The North Korean nuclear and missile crisis is posing a challenge to the new US administration, especially in the wake of the recent American missile strike in Syria. President Trump will need to consider not only the current North Korean crisis and the immediate military or diplomatic options available for confronting it, but also his long-term goals in the region. Diplomatic, economic, and military options will all have consequences.
Although concerns about a Trump confrontation with a nuclear North Korea are widespread, there has been little corollary discussion of crisis implications for other parts of the world. Yet there are important spillover implications to be considered, specifically with reference to the Middle East and Israel’s nuclear strategy.
This analysis argues that Iran is steadily making progress towards a nuclear weapon and is doing so via North Korea. Iran is unwilling to submit to a years-long freeze of its military nuclear program as stipulated by the July 2015 Vienna Nuclear Deal. North Korea is ready and able to provide a clandestine means of circumventing the deal, which would allow the Iranians to covertly advance that nuclear program. At the same time, Iran is likely assisting in the upgrading of certain North Korean strategic capacities.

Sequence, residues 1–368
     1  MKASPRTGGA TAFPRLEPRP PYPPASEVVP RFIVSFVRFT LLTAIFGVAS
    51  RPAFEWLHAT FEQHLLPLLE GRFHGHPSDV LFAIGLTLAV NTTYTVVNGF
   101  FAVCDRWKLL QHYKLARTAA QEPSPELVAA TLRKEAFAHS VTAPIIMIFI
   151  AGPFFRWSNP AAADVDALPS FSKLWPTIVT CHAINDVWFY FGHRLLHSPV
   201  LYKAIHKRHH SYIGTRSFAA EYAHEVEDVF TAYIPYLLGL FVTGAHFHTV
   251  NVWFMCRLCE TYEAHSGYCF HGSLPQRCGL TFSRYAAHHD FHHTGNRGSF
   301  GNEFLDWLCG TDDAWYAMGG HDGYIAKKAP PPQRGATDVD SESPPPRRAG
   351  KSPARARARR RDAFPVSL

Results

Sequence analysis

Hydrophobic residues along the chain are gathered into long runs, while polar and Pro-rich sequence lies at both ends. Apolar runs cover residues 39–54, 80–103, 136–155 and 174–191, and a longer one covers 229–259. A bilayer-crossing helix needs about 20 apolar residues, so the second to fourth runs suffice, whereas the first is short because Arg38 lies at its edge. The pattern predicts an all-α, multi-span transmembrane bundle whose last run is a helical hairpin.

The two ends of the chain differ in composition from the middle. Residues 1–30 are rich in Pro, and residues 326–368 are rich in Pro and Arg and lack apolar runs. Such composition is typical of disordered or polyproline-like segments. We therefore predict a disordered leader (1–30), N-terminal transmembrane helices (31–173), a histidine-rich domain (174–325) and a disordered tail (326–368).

North Korean adventurism only adds to Israel’s proliferation concerns. North Korea’s fourth nuclear test, the P5+1 agreement to lift Iranian sanctions, and the billions of dollars’ worth in deals between Tehran and Asian and European companies, together constitute a significant challenge. In addition, Jerusalem faces a difficult task of being the watchdog that monitors Iran’s adherence to the nuclear deal.
The overall failure of the Agreement Framework to halt North Korea’s nuclear program offers an important lesson in analyzing the potential effectiveness of a new nuclear agreement with Iran.